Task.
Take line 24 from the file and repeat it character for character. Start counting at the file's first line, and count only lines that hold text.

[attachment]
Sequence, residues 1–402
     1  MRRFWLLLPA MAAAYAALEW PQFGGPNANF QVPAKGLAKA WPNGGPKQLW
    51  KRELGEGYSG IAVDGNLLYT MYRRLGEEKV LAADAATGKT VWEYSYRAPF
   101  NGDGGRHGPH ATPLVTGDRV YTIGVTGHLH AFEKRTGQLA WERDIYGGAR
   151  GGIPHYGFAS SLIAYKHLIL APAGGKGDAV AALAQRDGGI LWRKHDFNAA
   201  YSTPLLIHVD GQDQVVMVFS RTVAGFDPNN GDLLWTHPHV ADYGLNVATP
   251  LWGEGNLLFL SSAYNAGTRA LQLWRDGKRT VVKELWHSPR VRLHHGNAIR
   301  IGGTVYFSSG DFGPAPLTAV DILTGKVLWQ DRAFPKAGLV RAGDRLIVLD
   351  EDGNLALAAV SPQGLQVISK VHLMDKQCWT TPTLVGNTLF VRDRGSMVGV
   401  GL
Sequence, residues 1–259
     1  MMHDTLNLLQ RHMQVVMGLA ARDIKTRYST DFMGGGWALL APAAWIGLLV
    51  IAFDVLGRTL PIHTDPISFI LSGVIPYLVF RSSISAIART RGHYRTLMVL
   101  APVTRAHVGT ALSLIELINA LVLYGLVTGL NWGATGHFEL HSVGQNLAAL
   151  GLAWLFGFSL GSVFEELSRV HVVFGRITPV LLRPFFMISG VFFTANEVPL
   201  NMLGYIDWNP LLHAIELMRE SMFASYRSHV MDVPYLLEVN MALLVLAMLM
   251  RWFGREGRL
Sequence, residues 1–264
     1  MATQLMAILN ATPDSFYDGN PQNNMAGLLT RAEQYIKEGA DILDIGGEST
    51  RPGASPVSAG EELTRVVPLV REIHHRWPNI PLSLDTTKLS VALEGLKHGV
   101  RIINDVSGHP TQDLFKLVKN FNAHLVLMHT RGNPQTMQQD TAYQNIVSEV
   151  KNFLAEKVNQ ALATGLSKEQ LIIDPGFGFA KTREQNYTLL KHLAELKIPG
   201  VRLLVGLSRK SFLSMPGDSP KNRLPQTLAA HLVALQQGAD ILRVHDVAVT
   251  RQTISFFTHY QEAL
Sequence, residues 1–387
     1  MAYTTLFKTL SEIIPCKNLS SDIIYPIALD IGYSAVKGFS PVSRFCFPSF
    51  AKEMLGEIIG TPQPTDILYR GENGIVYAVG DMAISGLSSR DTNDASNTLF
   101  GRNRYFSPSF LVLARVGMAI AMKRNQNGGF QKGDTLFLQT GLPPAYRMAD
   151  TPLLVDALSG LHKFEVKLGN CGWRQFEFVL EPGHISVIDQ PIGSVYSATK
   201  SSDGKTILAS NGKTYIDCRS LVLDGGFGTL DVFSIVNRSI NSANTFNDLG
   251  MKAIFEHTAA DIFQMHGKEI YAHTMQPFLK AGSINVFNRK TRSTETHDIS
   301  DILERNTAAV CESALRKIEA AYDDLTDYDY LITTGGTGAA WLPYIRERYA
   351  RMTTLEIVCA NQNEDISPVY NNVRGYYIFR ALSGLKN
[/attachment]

   251  RQTISFFTHY QEAL